The film, Judgment of Nuremberg, began in 1957 when writer Abby Mann met Abraham Pomerantz, one of the prosecutors at the Nuremberg Trials, at a dinner party in New York City. While everyone was aware of the first trials in 1946 in which the International Military Tribunal (IMT) prosecuted 24 of most notorious Nazi leaders, few paid much attention to later Judges Trials, in which the justice officials who implemented Nazi laws were brought to task. Through Pomerantz, Mann was put in touch with Teleford Taylor, the head prosecutor at Nuremberg, who observed that, because the judges should have formed a political conscience before Hitler came to power, “they most of all should have valued justice.” For his script, Mann fictionalized the trials. While he changed the names, he kept many of the details of actual atrocities to give his drama historical weight. In 1959, George Roy Hill directed Mann’s script as an episode of CBS’s TV showcase Playhouse 90. Katherine Hepburn, who was working with Mann on another project, got a copy of the script to Spencer Tracy, who excitedly promised to star in a film adaptation and get his colleague, Stanley Kramer, to direct it. In the film, Dan Haywood (Tracy) heads up the three-judge panel that explores the German psyche by putting on trial, not just the judges, but the various excuses they give for twisting justice to fit their Nazi ideology. For many political writers at the time, Judgment at Nuremberg was not just about dredging up the horrors of the past. Indeed, Mann’s exploration of moral responsibility is open-ended enough to indict both those individuals accused of actual war crimes and those societies who might commit such transgressions in the near future. In Commentary, Jason Epstein suggests that the film addresses “the idea that not Germany itself but our civilization as a whole was represented by the Nazi episode, and that the Cold War is a further, more virulent, symptom of the same disorder.” In transforming the television drama into a major motion picture, United Artists filled the courtroom with an all-star cast, including Marlene Dietrich, Judy Garland, Montgomery Clift, Burt Lancaster, and Richard Widmark. Maximilian Schell reprised the role of the German defense attorney he’d played in the original Playhouse 90 episode. A few critics have suggested that Kramer cast some actors, not just for their talent, but for their backstories as well. From Dietrich strolling to the strains of “Lili Marlene,” a song she made famous during the war, to Garland’s and Clift’s recent struggles with substance abuse adding a very real a sense of physical fragility to their war-weary characters, the film is full of culturally rich performances. Judgment at Nuremberg received 11 Academy Award nominations, including nods to Clift (Best Supporting Actor), Garland (Best Supporting Actress), Tracy (Best Actor), and Kramer (Best Director). Both Schell (Best Actor) and Mann (Best Adapted Screenplay) won.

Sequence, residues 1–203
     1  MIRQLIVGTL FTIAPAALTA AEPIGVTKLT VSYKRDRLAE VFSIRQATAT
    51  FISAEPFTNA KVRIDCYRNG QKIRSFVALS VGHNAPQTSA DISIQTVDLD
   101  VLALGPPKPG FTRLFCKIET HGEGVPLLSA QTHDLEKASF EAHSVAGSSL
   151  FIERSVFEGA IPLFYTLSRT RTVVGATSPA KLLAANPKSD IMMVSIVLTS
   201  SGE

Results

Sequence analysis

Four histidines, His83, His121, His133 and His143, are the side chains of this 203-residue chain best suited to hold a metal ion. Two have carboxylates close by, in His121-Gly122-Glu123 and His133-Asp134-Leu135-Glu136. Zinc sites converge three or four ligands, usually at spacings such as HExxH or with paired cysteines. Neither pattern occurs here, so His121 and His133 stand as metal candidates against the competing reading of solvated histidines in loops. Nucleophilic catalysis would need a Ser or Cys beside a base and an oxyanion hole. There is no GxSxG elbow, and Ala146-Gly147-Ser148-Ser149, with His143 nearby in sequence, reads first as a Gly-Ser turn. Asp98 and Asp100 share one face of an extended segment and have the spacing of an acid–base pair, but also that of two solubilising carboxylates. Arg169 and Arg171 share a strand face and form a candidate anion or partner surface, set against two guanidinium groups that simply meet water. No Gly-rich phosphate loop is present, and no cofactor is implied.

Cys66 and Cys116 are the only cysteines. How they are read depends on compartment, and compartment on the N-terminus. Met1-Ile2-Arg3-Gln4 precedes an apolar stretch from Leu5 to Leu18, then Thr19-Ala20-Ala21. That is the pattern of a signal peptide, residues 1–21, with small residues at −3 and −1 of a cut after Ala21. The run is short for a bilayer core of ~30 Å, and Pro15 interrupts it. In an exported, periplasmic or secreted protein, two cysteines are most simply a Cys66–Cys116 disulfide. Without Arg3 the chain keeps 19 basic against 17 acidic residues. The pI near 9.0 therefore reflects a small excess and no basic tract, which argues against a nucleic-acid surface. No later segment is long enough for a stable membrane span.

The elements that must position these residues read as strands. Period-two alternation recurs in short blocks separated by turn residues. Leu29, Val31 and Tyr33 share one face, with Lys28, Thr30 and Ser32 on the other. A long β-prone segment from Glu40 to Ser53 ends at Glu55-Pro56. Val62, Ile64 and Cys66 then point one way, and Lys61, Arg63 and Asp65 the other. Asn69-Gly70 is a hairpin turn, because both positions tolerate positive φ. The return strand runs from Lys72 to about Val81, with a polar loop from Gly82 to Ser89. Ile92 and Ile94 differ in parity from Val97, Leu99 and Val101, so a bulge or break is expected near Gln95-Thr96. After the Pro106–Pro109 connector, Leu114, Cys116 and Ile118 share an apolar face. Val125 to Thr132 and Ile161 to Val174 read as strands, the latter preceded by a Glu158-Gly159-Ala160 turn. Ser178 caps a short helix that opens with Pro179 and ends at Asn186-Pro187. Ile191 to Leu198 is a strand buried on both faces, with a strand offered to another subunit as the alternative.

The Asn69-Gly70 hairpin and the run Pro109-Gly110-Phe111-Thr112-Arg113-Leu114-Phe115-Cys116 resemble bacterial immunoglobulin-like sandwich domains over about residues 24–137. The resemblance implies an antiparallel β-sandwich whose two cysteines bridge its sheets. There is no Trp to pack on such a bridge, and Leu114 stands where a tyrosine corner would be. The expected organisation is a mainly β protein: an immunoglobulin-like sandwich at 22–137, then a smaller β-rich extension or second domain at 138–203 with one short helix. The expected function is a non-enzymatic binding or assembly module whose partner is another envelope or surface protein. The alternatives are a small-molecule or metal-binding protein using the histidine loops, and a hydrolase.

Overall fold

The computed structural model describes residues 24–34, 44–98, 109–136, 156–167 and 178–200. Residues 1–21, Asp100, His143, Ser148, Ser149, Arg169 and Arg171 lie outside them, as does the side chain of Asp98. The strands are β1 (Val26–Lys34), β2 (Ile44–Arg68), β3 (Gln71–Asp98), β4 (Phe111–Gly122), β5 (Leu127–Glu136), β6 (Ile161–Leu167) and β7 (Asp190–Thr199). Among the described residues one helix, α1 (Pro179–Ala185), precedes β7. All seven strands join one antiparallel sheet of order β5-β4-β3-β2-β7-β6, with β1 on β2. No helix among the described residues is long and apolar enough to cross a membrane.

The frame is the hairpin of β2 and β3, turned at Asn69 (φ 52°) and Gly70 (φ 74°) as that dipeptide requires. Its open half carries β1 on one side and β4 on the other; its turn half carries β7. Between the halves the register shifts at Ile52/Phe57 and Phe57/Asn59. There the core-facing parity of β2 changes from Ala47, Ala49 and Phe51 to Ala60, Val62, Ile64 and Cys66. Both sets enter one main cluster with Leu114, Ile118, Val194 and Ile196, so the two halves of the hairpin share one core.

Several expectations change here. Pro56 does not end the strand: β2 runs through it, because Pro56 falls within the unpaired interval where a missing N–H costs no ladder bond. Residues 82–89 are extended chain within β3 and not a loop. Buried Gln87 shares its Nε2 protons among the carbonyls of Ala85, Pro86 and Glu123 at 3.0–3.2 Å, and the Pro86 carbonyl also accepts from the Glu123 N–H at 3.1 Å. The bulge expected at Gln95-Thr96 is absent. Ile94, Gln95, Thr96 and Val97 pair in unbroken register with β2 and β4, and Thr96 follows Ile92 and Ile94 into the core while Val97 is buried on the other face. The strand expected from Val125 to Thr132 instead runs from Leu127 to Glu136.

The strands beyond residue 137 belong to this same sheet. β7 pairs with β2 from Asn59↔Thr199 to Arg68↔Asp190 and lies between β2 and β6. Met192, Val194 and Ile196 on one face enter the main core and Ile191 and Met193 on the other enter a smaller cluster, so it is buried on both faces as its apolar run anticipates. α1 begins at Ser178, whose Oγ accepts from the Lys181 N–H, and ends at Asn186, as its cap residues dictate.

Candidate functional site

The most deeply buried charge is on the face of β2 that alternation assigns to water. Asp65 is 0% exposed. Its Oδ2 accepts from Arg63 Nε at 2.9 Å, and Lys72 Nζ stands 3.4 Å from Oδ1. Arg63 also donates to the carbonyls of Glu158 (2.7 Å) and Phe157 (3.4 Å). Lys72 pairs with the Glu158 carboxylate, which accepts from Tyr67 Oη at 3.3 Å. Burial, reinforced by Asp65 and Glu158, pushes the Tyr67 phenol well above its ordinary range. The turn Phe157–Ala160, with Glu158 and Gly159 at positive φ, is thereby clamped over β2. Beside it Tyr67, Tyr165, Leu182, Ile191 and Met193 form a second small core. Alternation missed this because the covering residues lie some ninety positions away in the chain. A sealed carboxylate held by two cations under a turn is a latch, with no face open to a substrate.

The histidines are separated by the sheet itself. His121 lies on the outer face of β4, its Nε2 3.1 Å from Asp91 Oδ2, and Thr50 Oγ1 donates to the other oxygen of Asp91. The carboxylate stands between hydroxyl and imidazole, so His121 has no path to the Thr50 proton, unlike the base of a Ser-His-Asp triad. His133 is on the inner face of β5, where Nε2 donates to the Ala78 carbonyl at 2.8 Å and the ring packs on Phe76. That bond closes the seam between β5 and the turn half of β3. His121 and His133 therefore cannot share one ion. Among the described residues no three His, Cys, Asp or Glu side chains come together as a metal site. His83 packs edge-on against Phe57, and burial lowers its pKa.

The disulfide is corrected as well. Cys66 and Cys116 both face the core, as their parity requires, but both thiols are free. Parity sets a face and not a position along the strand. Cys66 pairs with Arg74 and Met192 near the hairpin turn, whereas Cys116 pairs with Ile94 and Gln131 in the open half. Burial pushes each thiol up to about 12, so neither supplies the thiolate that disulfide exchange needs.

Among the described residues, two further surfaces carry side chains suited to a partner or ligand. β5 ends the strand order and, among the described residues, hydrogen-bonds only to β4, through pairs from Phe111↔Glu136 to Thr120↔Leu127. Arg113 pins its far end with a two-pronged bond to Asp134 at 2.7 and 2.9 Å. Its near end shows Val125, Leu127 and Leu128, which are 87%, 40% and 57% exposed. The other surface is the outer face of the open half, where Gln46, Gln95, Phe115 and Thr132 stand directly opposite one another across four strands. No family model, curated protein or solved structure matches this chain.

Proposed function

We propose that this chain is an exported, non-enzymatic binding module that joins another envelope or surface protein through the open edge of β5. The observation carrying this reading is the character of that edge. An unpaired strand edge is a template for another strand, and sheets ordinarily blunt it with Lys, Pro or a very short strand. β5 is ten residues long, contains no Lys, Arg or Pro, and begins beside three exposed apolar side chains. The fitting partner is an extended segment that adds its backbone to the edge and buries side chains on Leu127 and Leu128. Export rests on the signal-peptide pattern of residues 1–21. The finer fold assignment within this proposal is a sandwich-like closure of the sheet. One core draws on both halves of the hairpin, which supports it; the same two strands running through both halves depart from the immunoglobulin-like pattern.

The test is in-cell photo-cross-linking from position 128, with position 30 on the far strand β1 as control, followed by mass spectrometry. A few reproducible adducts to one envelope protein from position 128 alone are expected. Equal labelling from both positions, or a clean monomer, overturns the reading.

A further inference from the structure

In 1961, Producer Alan J. Pakula and director Robert Mulligan, who had teamed up to acquire the film rights to Harper Lee’s best-selling novel To Kill a Mockingbird, got the encouragement they were hoping for. The author’s agent, Annie Laurie William, wrote them to say, “if you can find the right Atticus and exactly the right children, especially the little girl to play Scout, we will feel confident that you can produce the kind of picture you promised Harper Lee.” While Pakula was considering several actors for the “right Atticus,” his immediate concern was finding the right Maycomb, the fictional town in which the 1933 story takes place. After finding that Lee’s hometown of Monroeville, Alabama was too modern for their period adaption, the filmmakers recreated the story’s mythic Southern small town, including its iconic courthouse, on a studio back lot. Lee remarked that it “looked so real that I wanted to sit down in a rocking chair and fan myself.” While Gregory Peck is now seen as the perfect Atticus, he was not Universal Studio’s first choice. Besides Rock Hudson, the studio’s top box-office pull, a number of other actors, from Spencer Tracy to James Stewart, were also offered the part. Lee was originally skeptical that Peck could convey the spirit of her beloved father, the inspiration for the heroic southern attorney. But years later she would praise Peck with the observation “Atticus Finch gave him an opportunity to play himself.” Set in 1932, the 1962 film recounts several years in the life of six-year-old Scout Finch (Mary Badham), most significantly being the trial in which her dad, Atticus (Peck), defends Tom Robinson (Brock Peters), a black man accused of rape. Partially autobiographical, partially alluding to historic cases, like the 1931 Scottsboro Boys cases, in which nine African-American youths were falsely accused of raping two white teenagers, To Kill a Mockingbird manages simultaneously to evoke a time long ago and to speak to the racial tensions that filled the headlines at its time. For many, the power of the film is summed up less in the issues it brings to trial than in the character of the attorney, Atticus Finch, who makes the justice system feel familiar and real. In 2008, the Alabama State Bar made Harper Lee an honorary member because “the character of Atticus Finch has become the personification of the exemplary lawyer in serving the legal needs of the poor and those no one else would represent.” For the film, honors came more immediately. The film was nominated for eight Academy Awards (including Best Picture and Best Director), and won for Best Actor (Gregory Peck), Best Adapted Screenplay (Horton Foote), and Best Art Direction.